I’m receiving spam from my mother’s email. Someone’s hacked into my dead mother’s email account and is using it to send spam to me and everyone else in her contact list. There are worse things, I know, but. Gee. Zus. The shock of seeing her name in my inbox. Three times so far today.
Tonight Vincent and I had a disagreement about cleaning up, the upshot of which was that he (unintentionally) hit me in the head with a toy. Instead of getting angry, I cried. And then I sobbed. My grief is ever-present, not even under the skin, more like a sheen of sweat you could mistake for rain on the skin, ready to bead and flow at any moment. Camouflaged. But tonight I let loose and wailed.
Aidan was with me at 6:30 in the morning when my mother died. He was so unnerved by my grief then that he cried too, a mournful lowing that called me back to myself and to him.
Tonight, he patted my head and cried silently next to me. The kind of tears you cry in witness to another’s pain. Not afraid, just sorrowful. Then Vincent climbed into my lap and held me.
How much they understand, who really knows. I purposefully didn’t hide anything from them, especially those last days. They saw Mum ill, and bald, and yes, even dead. Newly so, at home, and then at the wake. I didn’t want her to just disappear. I wanted them to be able to say goodbye.
Aidan’s too young to truly get what’s happened, but Vincent knows. He comments on it sometimes, how his grammy died; the permanence of it has finally sunk in. At first, he was waiting. A few hours after she died, she was still at the house due to a hospice flub (not a big deal, not their fault, and actually a comfort to me, having her there as long as we could). Vincent said, “What’s taking Grammy so long?” “What do you mean, sweetheart? So long for what?” “What’s taking Grammy so long to be alive again?” Brought me up sharply and reminded me that for all his big boy talk, he’s still little.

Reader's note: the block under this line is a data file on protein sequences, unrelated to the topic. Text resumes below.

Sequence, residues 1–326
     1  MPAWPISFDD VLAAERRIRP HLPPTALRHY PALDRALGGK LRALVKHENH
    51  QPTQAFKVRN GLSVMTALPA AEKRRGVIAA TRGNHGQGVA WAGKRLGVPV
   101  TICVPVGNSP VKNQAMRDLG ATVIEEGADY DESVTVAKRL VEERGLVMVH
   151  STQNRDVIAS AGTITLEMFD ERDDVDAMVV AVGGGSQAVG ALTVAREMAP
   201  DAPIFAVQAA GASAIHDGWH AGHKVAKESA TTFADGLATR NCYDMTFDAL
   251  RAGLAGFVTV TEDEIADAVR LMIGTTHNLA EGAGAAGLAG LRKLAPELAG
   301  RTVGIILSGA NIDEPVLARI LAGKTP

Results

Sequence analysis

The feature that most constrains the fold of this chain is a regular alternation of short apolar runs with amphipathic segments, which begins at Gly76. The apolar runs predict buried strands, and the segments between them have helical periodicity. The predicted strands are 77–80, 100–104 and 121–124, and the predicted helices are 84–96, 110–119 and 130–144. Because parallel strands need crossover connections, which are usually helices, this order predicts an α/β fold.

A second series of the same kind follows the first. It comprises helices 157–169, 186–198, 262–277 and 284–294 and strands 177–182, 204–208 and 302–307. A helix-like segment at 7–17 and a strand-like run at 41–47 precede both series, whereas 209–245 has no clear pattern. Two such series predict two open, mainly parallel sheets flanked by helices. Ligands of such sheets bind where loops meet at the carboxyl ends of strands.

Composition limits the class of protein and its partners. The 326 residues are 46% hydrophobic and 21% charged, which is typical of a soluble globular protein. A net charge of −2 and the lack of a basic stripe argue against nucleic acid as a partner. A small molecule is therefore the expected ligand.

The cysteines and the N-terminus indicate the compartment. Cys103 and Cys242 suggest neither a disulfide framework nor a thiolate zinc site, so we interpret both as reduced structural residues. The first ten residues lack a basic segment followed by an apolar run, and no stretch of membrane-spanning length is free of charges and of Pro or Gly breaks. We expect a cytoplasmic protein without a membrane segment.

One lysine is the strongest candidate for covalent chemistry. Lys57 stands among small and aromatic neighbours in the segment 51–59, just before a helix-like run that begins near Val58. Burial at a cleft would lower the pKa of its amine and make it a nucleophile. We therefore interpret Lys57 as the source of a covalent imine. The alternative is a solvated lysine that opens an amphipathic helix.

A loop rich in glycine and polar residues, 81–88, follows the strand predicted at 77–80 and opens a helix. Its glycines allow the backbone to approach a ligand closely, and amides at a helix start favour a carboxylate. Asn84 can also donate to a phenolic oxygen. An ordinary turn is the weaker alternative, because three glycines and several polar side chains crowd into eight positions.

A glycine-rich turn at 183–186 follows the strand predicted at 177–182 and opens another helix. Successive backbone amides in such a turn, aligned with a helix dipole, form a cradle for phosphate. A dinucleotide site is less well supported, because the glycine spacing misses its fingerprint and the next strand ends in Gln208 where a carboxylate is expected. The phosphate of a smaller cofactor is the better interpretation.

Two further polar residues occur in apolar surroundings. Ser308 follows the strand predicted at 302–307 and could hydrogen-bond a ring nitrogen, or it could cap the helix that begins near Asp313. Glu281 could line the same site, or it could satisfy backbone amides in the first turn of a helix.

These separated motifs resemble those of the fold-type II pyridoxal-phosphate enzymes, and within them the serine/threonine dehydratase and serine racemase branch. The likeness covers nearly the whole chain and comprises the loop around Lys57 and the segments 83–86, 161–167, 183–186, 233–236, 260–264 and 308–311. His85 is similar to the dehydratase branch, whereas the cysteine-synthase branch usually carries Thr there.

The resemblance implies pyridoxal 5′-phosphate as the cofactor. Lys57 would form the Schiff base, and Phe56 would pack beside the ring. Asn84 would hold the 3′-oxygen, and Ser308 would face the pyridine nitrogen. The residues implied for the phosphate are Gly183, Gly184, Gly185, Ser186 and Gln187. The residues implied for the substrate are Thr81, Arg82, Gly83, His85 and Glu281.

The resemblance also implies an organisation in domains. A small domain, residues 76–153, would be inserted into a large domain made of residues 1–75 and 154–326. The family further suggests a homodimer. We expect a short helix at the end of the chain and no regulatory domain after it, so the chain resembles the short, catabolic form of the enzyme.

Her death eight weeks ago is already a lifetime for them. They don’t connect my sobs with anything beyond a boo-boo. But the compassion contained in those little hearts — how gentle and accommodating they were for the rest of the night — brushed teeth and in bed, on time and without protest, asleep almost immediately.
They so readily accepted my tears, my really over-the-top keening, as just and right and natural.